By the end of the 21st century, climate change will significantly alter an important oceanographic process that regulates the productivity of fisheries and marine ecosystems, Northeastern researchers report in a new paper in published online Wednesday in the journal Nature. These changes are likely to influence the geographic distribution of marine biodiversity.
The researchers' analysis of an ensemble of models indicates that by the end of the century, coastal upwelling--a process by which deep, cold and nutrient-rich water rises to the surface--will begin earlier, end later, and increase in intensity at higher latitudes. This will result in a significant decrease in the existing latitudinal variation in coastal upwelling, which is likely to influence the geographical distribution of marine biodiversity on a global scale.
"It's critically important to understand how coastal upwelling might change in a warming climate," said co-author Auroop Ganguly, a climate change expert at Northeastern. He noted that this study is the first to identify a consistent pattern of intensification and spatial homogenization of coastal upwelling under greenhouse warming in the latest generation of climate models.
"We focused on these upwelling changes that are robust and consistent across models and geographical regions because they are most likely a consequence of global climate change," said Wang, the study's lead author.
The researchers examined four upwelling current systems found in the Atlantic and Pacific oceans. While these four systems cover less than 2 percent of the ocean's surface, they contribute more than 20 percent of the global fish catches. Citing their analysis of climate models, the researchers projected the upwelling season would expand by several days per decade between 1950 and 2099 at high latitudes in all four systems.
What's more, they found noticeable differences between the Northern and Southern hemispheres. The two Southern Hemisphere systems showed larger and more consistent trends than the two Northern Hemisphere systems. Still, "despite regional differences, the lengthening of the upwelling season at high latitudes in [the four systems] is a robust global response to greenhouse warming," they wrote.
Upwelling, Gouhier explained, is an important process that drives the availability of nutrients in the marine food web. Upwelling promotes nutrient availability, which makes phytoplankton more abundant. Zooplankton then feed off phytoplankton, and fish feed off zooplankton. Increased upwelling in higher latitudes would promote more productive fisheries and marine ecosystems. However, the researchers warned that having too many nutrients cycling through a marine ecosystem could lead to hypoxic conditions, or "dead zones," over large swaths of the coastal ocean. These are regions where the overabundance of nutrients thrust bacteria into hyper-drive and the resulting metabolic activity causes a reduction of the concentration of oxygen in the water, which can lead to mass die-offs.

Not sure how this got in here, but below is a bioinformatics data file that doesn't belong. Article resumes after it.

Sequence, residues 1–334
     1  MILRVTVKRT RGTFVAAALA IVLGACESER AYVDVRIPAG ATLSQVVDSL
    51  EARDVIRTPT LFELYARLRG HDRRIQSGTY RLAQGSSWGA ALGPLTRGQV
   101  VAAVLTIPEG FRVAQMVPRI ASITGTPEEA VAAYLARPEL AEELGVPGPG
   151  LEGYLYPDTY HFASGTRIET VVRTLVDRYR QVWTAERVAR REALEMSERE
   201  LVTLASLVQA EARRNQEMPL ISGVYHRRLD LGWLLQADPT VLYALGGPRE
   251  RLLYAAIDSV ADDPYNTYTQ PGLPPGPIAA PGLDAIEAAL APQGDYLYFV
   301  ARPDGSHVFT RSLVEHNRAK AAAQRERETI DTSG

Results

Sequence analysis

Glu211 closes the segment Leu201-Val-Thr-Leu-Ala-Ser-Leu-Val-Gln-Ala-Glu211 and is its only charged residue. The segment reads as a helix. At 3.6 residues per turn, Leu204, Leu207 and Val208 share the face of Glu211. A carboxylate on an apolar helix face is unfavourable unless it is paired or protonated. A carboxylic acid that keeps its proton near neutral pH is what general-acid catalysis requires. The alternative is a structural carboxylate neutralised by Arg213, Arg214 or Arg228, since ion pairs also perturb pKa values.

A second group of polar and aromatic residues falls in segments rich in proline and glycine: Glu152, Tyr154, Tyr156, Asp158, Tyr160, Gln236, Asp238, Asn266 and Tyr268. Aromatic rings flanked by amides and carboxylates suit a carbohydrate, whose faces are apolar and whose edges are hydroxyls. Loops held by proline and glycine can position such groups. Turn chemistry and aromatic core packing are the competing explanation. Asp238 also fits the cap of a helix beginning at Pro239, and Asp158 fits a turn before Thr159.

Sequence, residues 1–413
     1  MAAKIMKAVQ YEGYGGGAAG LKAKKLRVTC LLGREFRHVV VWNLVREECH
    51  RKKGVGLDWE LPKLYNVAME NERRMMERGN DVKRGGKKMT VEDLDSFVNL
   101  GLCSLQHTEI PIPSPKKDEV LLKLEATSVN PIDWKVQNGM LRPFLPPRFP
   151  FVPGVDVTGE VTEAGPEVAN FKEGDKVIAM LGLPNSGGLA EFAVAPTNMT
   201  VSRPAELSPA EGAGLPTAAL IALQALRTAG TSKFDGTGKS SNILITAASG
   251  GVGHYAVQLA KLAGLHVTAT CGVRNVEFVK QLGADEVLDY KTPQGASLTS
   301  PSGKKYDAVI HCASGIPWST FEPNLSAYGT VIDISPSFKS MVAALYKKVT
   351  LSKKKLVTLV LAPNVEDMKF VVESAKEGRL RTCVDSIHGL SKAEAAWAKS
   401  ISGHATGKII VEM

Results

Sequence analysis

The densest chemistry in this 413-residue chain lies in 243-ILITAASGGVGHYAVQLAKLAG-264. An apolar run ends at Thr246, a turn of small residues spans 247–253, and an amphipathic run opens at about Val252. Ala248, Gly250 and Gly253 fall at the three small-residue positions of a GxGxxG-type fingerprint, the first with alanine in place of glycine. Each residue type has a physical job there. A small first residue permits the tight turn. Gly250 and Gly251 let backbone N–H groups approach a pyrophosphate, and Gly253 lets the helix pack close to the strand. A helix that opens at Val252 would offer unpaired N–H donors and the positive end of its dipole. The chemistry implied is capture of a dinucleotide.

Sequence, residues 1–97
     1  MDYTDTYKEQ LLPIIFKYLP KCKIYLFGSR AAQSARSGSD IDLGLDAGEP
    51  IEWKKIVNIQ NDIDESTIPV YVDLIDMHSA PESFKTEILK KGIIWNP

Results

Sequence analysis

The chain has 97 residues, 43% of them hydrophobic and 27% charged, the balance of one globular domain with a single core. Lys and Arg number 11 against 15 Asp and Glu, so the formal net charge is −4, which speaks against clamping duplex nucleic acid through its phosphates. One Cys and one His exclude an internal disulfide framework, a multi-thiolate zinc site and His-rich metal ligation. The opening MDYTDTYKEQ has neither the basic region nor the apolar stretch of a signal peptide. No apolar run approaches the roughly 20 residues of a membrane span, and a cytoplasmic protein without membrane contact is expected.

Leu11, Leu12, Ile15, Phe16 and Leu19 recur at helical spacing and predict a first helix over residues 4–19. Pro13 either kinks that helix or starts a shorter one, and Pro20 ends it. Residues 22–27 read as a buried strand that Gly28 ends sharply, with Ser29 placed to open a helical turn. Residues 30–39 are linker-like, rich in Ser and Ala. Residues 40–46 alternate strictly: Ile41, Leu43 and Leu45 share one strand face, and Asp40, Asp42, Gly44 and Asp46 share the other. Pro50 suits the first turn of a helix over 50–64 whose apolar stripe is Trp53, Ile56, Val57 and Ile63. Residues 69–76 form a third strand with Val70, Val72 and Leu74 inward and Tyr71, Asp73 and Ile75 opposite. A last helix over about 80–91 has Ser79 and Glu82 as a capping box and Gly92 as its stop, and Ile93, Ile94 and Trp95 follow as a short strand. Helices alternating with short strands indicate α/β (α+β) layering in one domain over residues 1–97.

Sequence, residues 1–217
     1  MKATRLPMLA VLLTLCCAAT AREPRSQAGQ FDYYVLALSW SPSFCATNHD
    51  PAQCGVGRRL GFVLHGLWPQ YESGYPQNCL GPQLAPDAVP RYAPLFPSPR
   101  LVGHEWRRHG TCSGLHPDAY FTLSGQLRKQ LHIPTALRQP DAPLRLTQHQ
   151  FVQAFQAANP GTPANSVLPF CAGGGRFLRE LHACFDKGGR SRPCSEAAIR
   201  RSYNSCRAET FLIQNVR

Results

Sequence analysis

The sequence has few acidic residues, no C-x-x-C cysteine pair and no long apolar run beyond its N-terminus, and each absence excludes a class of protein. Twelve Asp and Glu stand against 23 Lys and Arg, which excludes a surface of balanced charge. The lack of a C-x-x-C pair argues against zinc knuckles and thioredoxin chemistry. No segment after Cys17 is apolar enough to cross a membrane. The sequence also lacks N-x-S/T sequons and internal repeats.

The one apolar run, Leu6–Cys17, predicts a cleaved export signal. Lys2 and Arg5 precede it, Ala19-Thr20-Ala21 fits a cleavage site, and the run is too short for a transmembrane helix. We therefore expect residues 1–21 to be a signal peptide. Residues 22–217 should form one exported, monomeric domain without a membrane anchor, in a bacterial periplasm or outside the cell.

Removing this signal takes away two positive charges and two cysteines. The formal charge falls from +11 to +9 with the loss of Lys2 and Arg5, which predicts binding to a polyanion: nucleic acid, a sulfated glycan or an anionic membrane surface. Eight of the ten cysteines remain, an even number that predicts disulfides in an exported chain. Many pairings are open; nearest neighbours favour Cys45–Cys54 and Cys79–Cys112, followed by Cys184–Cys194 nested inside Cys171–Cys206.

"Simply put, too much of a good thing can be really bad," Gouhier said.
Coastal upwelling happens year-round at locations closer to the equator, but its duration and intensity is reduced at higher latitudes. However, if coastal upwelling becomes stronger and more persistent at higher latitudes, as the models suggest, then there will be a reduction in the existing latitudinal variation in coastal upwelling, which may generate a concomitant reduction in of marine biodiversity. In other words, the composition of marine communities at high and low latitudes will become more similar.
This could put species in greater competition with each other and create more species turnover in the coastal ocean, the researchers said. As a result, hotspots where upwelling changes are occurring should be closely monitored to ensure the stability and productivity of fisheries and coastal ecosystems.
The Northeastern research team comprised Ganguly, an associate professor in the Department of Civil and Environmental Engineering; Tarik Gouhier, an assistant professor in the Department of Marine and Environmental Sciences at Northeastern's Marine Science Center; and Daiwei Wang, a postdoctoral researcher in Ganguly's lab. Bruce A. Menge, a professor in the Department of Integrative Biology at Oregon State University, also collaborated on this research and co-authored the paper.